Read before the Massachusetts Historical Society, August 14, 1862. By A. Williams & Co.. Third Edition. Boston:
THIS Historical Research is one of the most valuable works that have been called out by the existing Rebellion. It is a thorough and candid exposition of the opinions of the founders of the Republic on negroes as slaves, as citizens, and as soldiers, and has done more, perhaps, than any other single essay to form the public opinion of the present time in respect to the position that the negro should rightfully hold in our State and our army. It has, therefore, and will retain, a double interest, as exhibiting and illustrating the opinions prevalent during the two most important periods of our history. It was first printed, several months since, for private distribution only. More than a thousand copies were thus distributed by its public-spirited author. By this means the attention of persons in positions of influence was more readily secured than it could have been, had the essay been published in the ordinary way. The manner in which the research was conducted, the evidence afforded by every page of the author’s conscientious labor, impartial selection, and exhaustive investigation, won immediate confidence in his statements, while his obvious candor, fairness of judgment, and love of truth secured respect for his conclusions. The interest excited by the work extended to a wider circle than could he satisfied by any private issue, while its value became more and more evident, so that, after its publication in the Proceedings of the Massachusetts Historical Society, the permission of the author was obtained by the New-England Loyal Publication Society to issue the work in a form for general circulation.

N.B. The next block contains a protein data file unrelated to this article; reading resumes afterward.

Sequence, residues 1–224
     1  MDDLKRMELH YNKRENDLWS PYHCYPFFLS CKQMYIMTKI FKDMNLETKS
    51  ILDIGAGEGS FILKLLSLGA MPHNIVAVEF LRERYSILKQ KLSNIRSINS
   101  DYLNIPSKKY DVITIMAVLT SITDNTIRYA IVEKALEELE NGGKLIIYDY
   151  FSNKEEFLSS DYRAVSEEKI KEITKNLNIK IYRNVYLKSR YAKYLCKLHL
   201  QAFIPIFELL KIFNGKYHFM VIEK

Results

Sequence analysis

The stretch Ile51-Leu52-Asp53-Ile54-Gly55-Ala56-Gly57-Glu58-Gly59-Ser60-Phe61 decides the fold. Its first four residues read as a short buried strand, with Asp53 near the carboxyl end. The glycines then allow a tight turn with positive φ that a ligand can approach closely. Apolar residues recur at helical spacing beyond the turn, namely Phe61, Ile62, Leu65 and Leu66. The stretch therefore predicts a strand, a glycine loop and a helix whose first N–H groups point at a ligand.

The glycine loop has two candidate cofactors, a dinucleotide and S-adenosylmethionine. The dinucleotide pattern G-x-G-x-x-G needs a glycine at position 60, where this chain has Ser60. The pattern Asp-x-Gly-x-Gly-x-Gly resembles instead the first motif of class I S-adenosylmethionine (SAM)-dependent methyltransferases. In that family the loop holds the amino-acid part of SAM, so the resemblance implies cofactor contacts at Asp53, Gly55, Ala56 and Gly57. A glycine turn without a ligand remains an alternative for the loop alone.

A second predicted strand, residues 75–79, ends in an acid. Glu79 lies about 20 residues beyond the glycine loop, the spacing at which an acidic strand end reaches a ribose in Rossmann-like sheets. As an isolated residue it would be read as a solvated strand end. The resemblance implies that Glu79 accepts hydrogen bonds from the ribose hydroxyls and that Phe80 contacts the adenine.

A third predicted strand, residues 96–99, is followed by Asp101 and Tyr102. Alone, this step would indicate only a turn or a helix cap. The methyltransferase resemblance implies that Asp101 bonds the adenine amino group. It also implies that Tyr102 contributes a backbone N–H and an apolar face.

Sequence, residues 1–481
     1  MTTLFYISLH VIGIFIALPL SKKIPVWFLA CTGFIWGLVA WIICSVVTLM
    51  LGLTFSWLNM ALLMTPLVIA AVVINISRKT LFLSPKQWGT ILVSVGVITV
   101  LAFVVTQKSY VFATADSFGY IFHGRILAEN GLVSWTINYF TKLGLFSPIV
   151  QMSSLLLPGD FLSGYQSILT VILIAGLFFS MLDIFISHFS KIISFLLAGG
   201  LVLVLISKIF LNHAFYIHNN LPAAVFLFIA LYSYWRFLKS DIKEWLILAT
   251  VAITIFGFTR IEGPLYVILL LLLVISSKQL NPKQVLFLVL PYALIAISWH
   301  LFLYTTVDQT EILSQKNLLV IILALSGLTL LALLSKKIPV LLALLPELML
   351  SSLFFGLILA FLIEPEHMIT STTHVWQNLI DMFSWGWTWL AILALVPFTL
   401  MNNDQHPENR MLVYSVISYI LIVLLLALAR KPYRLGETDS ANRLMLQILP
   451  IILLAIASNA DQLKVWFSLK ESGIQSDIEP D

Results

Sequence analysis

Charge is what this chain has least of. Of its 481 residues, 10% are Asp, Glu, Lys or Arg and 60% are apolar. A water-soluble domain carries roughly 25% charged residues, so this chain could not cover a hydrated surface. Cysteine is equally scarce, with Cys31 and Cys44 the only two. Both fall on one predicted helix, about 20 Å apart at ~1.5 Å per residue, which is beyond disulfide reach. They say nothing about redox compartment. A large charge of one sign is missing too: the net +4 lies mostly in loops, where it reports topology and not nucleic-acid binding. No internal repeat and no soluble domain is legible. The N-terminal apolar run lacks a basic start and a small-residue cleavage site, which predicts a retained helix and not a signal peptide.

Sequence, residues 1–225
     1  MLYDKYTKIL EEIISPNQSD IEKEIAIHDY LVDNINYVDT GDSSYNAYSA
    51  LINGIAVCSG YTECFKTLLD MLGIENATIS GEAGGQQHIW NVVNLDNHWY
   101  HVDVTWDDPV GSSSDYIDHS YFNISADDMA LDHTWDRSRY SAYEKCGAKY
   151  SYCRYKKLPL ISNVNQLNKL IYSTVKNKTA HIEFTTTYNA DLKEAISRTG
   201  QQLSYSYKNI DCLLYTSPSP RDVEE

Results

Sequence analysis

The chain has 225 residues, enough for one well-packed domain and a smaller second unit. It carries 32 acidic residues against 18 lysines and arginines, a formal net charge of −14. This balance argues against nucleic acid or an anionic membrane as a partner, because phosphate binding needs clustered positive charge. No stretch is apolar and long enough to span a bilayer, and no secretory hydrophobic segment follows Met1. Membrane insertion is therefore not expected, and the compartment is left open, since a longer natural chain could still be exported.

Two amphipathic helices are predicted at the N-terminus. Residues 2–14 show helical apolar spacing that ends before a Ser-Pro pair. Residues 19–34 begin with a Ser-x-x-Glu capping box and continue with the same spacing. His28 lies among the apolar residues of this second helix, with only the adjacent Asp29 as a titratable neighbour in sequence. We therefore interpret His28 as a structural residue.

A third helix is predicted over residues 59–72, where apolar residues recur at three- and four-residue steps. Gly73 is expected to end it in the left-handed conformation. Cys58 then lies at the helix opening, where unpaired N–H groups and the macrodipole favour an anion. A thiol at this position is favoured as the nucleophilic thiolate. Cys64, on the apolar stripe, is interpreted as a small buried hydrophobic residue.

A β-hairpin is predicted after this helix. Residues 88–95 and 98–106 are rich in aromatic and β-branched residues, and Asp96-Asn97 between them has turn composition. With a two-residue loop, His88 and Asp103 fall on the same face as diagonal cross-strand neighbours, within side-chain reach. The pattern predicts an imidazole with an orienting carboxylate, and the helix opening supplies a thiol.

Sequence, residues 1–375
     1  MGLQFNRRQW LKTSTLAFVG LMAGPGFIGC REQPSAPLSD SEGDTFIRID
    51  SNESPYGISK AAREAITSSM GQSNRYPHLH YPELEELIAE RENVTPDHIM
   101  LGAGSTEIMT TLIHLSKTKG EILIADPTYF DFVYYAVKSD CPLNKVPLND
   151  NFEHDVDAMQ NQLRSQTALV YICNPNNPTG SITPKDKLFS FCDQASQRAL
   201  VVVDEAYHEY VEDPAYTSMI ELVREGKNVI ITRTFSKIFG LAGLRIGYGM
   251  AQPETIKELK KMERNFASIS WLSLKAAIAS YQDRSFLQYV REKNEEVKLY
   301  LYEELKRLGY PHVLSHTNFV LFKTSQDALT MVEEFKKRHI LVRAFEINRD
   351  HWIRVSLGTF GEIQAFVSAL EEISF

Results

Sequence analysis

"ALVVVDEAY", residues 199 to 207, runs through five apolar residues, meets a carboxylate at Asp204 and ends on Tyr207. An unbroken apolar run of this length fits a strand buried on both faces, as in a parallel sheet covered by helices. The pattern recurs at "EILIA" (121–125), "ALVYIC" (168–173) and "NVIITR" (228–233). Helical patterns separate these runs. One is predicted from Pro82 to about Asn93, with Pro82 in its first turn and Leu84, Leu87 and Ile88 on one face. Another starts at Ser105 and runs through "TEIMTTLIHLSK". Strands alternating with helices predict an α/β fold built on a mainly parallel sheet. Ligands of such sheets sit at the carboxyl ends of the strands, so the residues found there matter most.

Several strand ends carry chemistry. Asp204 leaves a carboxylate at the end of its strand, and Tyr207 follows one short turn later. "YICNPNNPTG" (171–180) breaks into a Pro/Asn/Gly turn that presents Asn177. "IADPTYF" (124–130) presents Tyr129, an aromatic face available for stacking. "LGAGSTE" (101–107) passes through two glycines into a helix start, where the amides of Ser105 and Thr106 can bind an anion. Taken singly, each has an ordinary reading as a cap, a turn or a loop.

We are glad to assist, by our hearty commendation, the extension of the influence of this essay. It forms, as now issued, a handsome pamphlet of two hundred pages, with a full Table of Contents and a copious Index, and is for sale at a price which brings it within the means of every one who may wish to obtain it. It is a book which should be in the reading-room of every Loyal League throughout the country, and of every military hospital. Editors of the loyal press should be provided with it, as containing an arsenal of incontrovertible arguments with which to meet the false assertions by which the maligners of the negro race and the supporters of Slavery too often undertake to maintain their bad cause.
Exhibiting, as Mr. Livermore’s book does, the contrast between the opinions of the founders of the Republic and those professed by the would-be destroyers of the Republic, and showing, as it does, howfar a large portion even of the people of the North have fallen away from the just and generous doctrine of the earlier time, it must lead every thoughtful reader to a deep sense of the need of a regeneration of the spirit of the nation, and to a confirmed conviction of the incompatibility of Slavery with national greatness and virtue. The Rebellion has taught us that the Republic is not safe while Slavery is permitted to exercise any political power. It ought to teach us also, that, as long as Slavery exists in any of the States, it will not cease to exercise political power, and that the only means to make the nation safe is utterly to abolish and destroy Slavery, wherever it is found within its limits. Nor is this all; the lesson of the Rebellion is but half learned, unless we resolve that henceforth there shall be no fatal division between our consciences, our principles, our theories, and our treatment of the black race, and unless we acknowledge their inalienable right to that justice by which alone the most ancient heavens and the most sacred institutions are fresh and strong.
There is no better text-book for enforcing these lessons than Mr. Livermore’s Research.